DTK's Updated Proposal for Democratic Autonomy
On February 14-17 I traveled in Istanbul to participate in the International Peace Delegation, to try to restart the Turkish-Kurdish peace process even as the Turkish state pursues a horrific military campaign against the Kurdish population of the southeast. While in Istanbul, far from the violence, our group met with Hatip Dicle, a co-leader of the Democratic Society Congress, or DTK.
The DTK is an umbrella group in the southeast, bringing together some 300 delegates elected by the public in local councils and another 200 from unions and other civil society organizations as well as deputies of the pro-Kurdish parties HDP and DBP. “Every three months,” he said, “we convene as a general assembly” that works like a parliament, “with committees to deal with health, education, and the like.” At the assembly the delegates “discuss drafts coming from the committees and reach common decisions.”
In December 2015 the DTK assembly met in Diyarbakir (Amed), where it discussed the following “Declaration of the Political Solution,” an update of the Democratic Autonomy proposal that the DTK issued in 2011, based on the thinking of Abdullah Öcalan. The document summarizes ideas proposed for the democratization of Turkey since 2005. The document we received is a draft but tracks closely with press coverage of the version that was adopted.
Turkey is to be divided into some 20 to 25 regions, Dicle explained, including the western part—all of Turkey. The regions are based on geography, not ethnicity. In regions where Kurds constitute the majority, other groups would be represented as well. Each region has an autonomous assembly, as in Spain today, he said. Some functions—economy, judiciary, defense—would remain at center, but the rest—like education, agriculture, tourism—are to be devolved to the autonomous regions.
The DTK’s Democratic Autonomy proposals outline structures that have been built, under onerous circumstances, since 2011. It complements the descriptions in Democratic Autonomy in North Kurdistan (New Compass, 2013). It presupposes the adoption of a new democratic constitution for Turkey.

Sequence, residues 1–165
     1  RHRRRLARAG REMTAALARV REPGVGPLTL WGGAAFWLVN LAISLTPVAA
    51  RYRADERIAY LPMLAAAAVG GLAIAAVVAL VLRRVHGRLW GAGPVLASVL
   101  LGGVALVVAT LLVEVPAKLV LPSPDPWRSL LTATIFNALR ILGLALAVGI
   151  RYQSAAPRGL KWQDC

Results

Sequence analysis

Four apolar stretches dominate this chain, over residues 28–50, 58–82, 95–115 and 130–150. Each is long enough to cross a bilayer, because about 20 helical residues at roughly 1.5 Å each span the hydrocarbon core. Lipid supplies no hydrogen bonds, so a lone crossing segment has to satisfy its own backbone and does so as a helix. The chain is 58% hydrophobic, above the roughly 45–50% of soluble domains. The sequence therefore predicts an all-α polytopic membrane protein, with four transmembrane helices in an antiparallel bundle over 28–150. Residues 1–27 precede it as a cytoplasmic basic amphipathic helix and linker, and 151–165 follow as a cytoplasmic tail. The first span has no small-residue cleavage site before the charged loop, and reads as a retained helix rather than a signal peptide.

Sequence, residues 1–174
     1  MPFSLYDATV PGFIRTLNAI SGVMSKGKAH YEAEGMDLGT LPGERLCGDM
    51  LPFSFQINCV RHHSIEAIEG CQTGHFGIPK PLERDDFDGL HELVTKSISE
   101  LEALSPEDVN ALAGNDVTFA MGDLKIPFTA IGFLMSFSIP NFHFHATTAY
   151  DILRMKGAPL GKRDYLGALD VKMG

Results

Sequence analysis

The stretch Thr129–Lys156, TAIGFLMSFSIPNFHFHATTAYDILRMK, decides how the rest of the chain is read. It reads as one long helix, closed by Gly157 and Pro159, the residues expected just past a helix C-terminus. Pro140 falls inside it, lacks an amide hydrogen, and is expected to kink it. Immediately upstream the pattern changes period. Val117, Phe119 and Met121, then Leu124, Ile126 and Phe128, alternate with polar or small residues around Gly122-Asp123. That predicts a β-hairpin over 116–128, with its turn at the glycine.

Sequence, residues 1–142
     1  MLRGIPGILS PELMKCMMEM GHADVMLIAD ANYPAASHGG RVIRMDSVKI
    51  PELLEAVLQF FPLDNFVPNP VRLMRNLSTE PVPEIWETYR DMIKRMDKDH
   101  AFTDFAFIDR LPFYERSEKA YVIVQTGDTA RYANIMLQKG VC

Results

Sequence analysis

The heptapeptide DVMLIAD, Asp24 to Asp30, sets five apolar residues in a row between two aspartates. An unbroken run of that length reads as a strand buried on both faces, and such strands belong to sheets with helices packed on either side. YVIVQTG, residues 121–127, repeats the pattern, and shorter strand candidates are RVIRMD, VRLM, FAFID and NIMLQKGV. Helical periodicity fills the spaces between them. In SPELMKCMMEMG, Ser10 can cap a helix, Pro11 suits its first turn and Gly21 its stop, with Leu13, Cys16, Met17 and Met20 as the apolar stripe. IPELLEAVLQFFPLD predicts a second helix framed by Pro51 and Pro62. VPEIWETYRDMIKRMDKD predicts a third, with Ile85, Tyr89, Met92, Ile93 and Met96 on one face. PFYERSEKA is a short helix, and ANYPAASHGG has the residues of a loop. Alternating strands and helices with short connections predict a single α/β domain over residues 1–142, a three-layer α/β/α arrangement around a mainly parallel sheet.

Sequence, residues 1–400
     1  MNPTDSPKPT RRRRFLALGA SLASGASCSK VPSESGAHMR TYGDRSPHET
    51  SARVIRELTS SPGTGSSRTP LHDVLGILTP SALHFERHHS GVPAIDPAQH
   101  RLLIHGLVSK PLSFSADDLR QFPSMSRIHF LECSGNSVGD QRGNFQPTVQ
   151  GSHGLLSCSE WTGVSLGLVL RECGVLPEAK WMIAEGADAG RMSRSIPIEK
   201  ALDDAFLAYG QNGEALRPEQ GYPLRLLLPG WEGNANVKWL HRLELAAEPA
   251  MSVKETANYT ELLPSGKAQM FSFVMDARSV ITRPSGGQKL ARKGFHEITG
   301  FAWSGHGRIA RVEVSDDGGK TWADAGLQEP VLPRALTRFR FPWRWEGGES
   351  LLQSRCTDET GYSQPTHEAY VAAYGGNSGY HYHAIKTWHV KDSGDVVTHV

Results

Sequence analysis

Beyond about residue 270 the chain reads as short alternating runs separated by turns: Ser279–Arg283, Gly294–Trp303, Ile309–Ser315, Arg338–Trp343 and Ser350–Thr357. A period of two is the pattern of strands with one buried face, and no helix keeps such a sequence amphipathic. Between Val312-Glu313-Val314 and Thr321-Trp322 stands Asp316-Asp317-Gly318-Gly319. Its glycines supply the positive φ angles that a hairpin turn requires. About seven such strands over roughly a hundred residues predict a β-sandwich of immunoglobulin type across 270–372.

The document was endorsed by the HDP, the HDK, and the DBP. The two illegal organizations, the PKK and the KCK, also endorsed it, which caused a “big storm” in Turkey, Dicle said.
The Turkish state, which is becoming ever more authoritarian, adamantly rejects the proposal, apparently unable or unwilling to distinguish democracy from the breakup of Turkey itself.
“This proposal,” Hatip Dicle told us, “is an answer to what the Kurds want.”
I have edited it for clarity.
— Janet Biehl
Declaration of the Political Solution
Extraordinary General Assembly of the DTK
December 25-27, 2015
Today in a crucial and historic period, global capitalism is experiencing deep chaos, and since that chaos profoundly affects the Middle East, the world’s major powers are making serious calculations about their interest in the region. In our chaos, economic, social, cultural, political and military developments have prevented us from resolving issues of national identity, freedom, and democracy. New alternative democratic models have emerged, even as old ones are beginning to dissolve.
At Newroz [March 21,] 2013, the Kurdish national leader Abdullah Öcalan issued a historic call to all Kurdish communities and to the world. He proposed solutions to the problems of our country based on in-depth negotiations and on trust; they undoubtedly would have to be achieved with the approval of Turkey’s Grand National Assembly. After that declaration, a dialogue process began, to achieve this objective. Arms were to be laid down, so that ideas could begin to speak. Ideas, and democratic politics, would be the new method of struggle.
On February 28, 2015, at the Dolmabahçe Palace, members of the peace process presented an agreed-upon framework to the public in the presence of government officials. But later the president rejected it, and the state inflicted severe isolation and solitary confinement upon Öcalan. The ruling AKP party put the peace process into a deep freeze, revealing that it in fact has no policy at all for resolving the Turkish-Kurdish conflict. Instead, it attempts to suppress the Kurdish freedom struggle by military force.
In the June 7, 2015, general elections, Kurdish and other people expressed their strong preference that Turkey become democratic and that the Kurdish conflict be resolved peacefully. Unfortunately, the AKP government refused to accept this election result and thereby forfeited a historic opportunity. Erdoğan and the AKP’s senior management carried out a coup, setting aside the June 7 election results through a war policy.
As the AKP government abrogated the Dolmabahçe agreement, terminated the Imrali negotiations, initiated military air and land operations, and tried to violently suppress the legitimate democratic demands, people’s councils in some provincial capitals and districts of the southeast decided to declare self-governance. The state proceeded to arrest and execute elected officials, politicians, and civilians in those areas. Kurdish youth mounted a defense by digging trenches and building barricades.